Meron Langsner, Acting class teacher
Mona was a student of mine in an acting class about 7 years ago. She was the first (and only) person to ever successfully complete a certain language exercise meant to be nearly impossible on the first try. And furthermore, to do so flawlessly. Every time since that I have taught that particular exercise, I brought up "a linguistics major who was the only person ever to do this in one try." No one has ever done it since.
She was insightful, kind, and always a positive presence. I wish her family peace and strength, and I hope that the words of those that she touched can provide some comfort. May her name be a blessing.
The exercise is called "Unpunctuated Text." When it was first taught to be, I was told it originated with the Royal Shakespeare Company. Essentially, the students are handed monologues that have had all punctuation and capitalization removed that they keep face down, and as we go around the circle, they turn it over and start reading. The moment that what they are saying does not make sense because they are not putting meaning into the words, their turn ends and they put their page face down and the next person starts from the beginning. (This is also used as a rehearsal technique for actors to help themselves get new insights into their work) - Most people do not get very far, some get only a few words in, others a handful of sentences.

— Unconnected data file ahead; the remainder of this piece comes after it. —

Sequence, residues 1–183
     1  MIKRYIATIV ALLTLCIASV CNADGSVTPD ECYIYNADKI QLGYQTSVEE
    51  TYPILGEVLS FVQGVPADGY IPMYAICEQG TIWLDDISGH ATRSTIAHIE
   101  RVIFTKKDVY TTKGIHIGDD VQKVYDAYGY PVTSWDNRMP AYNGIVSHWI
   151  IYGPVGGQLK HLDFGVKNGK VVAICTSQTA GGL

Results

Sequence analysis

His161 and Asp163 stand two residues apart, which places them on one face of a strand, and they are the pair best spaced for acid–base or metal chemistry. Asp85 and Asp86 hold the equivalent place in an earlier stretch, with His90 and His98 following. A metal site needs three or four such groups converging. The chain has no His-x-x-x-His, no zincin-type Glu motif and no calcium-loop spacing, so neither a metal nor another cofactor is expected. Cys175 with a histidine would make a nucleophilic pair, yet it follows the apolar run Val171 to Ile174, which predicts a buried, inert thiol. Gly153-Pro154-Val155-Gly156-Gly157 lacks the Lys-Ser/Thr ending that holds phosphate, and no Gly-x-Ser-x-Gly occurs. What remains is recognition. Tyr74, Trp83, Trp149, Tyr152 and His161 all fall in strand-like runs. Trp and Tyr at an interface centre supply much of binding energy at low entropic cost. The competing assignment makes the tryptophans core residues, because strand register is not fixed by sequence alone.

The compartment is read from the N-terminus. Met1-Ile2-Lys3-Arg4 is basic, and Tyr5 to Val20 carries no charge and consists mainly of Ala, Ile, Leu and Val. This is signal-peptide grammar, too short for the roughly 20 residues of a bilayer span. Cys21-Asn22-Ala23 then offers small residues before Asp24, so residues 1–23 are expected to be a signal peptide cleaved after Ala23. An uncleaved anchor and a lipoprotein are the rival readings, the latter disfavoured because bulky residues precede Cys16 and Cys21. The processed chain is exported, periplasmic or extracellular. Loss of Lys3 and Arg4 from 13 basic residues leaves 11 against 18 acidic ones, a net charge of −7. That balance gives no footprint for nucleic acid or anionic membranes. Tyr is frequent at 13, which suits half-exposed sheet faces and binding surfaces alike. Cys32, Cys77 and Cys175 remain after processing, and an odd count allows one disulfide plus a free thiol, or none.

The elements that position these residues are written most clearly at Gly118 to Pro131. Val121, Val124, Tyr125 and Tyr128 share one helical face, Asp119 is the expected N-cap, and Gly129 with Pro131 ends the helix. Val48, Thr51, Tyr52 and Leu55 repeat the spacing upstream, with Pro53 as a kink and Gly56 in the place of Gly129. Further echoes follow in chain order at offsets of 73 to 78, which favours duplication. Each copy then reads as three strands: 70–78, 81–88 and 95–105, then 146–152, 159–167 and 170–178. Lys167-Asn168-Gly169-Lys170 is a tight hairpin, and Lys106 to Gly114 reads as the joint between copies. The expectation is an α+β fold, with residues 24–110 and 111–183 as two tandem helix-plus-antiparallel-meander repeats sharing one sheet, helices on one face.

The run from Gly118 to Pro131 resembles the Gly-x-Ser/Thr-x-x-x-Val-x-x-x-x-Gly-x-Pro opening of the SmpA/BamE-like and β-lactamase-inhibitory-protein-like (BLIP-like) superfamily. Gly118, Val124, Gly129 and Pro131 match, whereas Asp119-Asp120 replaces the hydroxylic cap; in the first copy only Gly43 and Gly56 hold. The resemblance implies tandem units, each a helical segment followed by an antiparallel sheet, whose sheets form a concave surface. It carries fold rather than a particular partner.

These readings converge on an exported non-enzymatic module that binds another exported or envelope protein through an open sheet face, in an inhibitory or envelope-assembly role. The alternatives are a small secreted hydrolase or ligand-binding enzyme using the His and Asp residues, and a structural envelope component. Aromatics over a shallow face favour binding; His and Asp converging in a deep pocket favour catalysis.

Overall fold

Mona was the first and only to ever just turn the sheet over and read the monologue in its entirety with complete comprehenstion the whole way through. She said it was because of her understanding of linguistics.
After the first session of class she pulled me aside and confided in me about her condition of not being able to understand facial expressions and asked if she could still take acting (obviously it was not an issue as far as I was concerned). I think the only other person she told was her scene partner Geneviève (I found out about Mona because Geneviève posted on the page). I can tell you that with few exceptions I would never have known.